When gallery owner Rogan Sweeney comes to Maggie's isolated studio, her heart is enflamed by their fierce attraction - and her scarred past is slowly healed by a gentle and forgiving love.
©2007 Nora Roberts; (P)2007 Brilliance Audio
"The conflicts Maggie and Rogan face are refreshingly realistic and the characters themselves, well-rounded and likable, will keep readers engaged." (Publishers Weekly)
"A light, fast-paced novel set in the Irish countryside." (School Library Journal)
I loved the story but had a hard time getting past the narrator. He made Maggie and her family sound shallow. I won't be buying the others in the series simply because of the narrator.
I very much enjoyed this story, it was creative and interesting. However, the narrator made it extremely difficult to endure the audio. He read very quickly with little to no inflection or feeling at all. He was not the kind of reader that I would expect from a Nora Roberts book. I was very disappointed with the audio version will definity read the rest of the series in paperback.
I loved this book so much the first time I heard it, that I began listening to it again. I'm an artist and this may have been part of the reason. It has great characters and the story of their lifes were real and rich. Don't pass it up. FYI, it was my first Nora Roberts book and I'm looking forward to more.
I have read and reread this entire series several times in print along with some of Roberts' books set in Ireland and, since discovering the convenience of audio books, have tried to listen to them all again. I love these books because they do take me back to village life in the west of Ireland and the endless inspiration I found there as an artist. Roberts writes artists extremely well, understanding the process as well as the way artists feel about their work. I love how she writes Maggie and Shannon, their feelings about their work and how it fits into their lives. It feels true, and that is a great compliment for me. This narrator actually carries off both the American and Irish voices well, unlike the reader of "Jewels of the Sun" who makes every Irish person sound like a cross between the Lucky Charms Leprechaun and an Irish Spring commercial. Having lived in the west of Ireland in the village of Ballyvaughan in County Clare, his voice "feels" like the Ireland I knew, and I savor these books whenever I want to take a mental trip back there. I'm sad to see that others under appreciate Fiacre Douglas' skill as a reader, because I think the other books ought to be redone with him reading them.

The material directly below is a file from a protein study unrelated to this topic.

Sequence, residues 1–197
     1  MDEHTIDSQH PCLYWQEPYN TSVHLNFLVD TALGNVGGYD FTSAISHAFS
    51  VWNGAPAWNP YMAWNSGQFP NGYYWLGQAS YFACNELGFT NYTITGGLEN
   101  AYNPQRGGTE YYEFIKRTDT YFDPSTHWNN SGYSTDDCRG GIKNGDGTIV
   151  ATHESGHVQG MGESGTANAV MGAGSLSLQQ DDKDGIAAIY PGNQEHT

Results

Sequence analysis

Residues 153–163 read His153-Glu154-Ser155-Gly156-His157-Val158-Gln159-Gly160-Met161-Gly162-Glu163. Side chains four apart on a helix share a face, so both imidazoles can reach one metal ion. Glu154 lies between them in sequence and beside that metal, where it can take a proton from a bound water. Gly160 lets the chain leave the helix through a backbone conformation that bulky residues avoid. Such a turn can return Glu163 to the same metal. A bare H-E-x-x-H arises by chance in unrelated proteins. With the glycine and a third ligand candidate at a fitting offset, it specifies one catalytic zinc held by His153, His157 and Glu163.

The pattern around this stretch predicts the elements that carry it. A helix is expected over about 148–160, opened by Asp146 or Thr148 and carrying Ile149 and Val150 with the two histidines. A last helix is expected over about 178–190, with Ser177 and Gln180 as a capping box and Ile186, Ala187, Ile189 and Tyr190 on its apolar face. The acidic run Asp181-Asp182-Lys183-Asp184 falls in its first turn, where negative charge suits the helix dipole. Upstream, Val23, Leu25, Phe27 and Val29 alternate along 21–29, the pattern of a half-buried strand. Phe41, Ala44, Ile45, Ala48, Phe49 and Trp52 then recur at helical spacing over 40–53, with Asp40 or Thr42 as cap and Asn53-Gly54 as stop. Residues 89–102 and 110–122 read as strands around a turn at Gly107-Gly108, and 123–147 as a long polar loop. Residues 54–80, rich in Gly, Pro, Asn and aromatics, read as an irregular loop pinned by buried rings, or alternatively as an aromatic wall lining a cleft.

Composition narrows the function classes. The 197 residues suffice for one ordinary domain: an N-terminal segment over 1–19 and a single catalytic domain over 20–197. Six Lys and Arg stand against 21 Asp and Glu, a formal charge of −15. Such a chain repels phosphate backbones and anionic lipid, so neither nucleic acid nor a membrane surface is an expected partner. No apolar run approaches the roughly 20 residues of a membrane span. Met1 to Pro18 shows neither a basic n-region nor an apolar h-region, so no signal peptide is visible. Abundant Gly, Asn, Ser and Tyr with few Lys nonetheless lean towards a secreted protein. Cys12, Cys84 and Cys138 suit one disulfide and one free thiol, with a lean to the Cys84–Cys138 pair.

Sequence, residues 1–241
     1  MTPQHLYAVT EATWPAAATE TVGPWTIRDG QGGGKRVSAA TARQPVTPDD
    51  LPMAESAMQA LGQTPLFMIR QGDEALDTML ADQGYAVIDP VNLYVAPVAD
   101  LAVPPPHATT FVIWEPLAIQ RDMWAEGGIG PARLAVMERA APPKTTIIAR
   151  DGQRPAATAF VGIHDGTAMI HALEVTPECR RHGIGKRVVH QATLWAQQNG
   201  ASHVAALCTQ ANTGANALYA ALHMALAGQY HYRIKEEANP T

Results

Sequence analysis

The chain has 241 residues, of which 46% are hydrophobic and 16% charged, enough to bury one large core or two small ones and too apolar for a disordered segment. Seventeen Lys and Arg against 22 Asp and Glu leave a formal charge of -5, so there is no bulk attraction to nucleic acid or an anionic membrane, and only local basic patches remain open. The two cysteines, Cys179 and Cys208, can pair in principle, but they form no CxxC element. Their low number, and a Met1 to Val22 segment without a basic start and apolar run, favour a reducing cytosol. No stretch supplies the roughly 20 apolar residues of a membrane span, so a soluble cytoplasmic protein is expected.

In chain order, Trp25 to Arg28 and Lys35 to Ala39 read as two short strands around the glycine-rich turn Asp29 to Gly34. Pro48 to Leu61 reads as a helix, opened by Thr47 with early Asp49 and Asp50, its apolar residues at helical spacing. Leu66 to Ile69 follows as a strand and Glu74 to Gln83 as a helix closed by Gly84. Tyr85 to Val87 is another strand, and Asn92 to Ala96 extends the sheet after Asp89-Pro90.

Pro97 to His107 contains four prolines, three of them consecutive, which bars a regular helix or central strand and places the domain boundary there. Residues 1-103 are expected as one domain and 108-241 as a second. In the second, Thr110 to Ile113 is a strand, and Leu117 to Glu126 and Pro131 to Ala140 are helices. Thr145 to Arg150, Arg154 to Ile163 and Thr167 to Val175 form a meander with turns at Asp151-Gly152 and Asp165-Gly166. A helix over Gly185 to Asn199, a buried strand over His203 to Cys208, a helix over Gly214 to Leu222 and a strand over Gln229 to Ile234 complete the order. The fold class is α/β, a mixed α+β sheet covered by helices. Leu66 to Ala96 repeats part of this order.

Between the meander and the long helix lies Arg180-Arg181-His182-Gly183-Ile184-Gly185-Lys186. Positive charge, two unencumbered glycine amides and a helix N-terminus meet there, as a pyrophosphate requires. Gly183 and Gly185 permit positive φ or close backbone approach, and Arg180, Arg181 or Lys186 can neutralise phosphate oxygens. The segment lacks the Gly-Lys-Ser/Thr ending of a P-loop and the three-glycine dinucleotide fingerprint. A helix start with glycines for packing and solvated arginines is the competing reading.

I love Nora Roberts books, however I will never again purchase one without listening to the narrator first. This narrator should not have been reading this book(or the companion books)and ruined the story for me. I guess I will chalk it up to lesson learned.
I really enjoyed the book but the narrator wasn't what I'd hoped for. I also think a female narrator would have been a better choice. I couldn't decide what exactly the accent was since at times it was kind of a mix of Irish, Jamican with maybe a touch of India. I know I should be able to focus just on the story itself but it really was a distraction.
I very much enjoyed the Irish Jewels trilogy by the same author since the narrator was so much better.
I started to read one of Nora Roberts novels years ago and didn't finish it. So I never bothered with her novels again. I purchased the audible Born In Series and am hooked. Will difinitely purchase the her other series.
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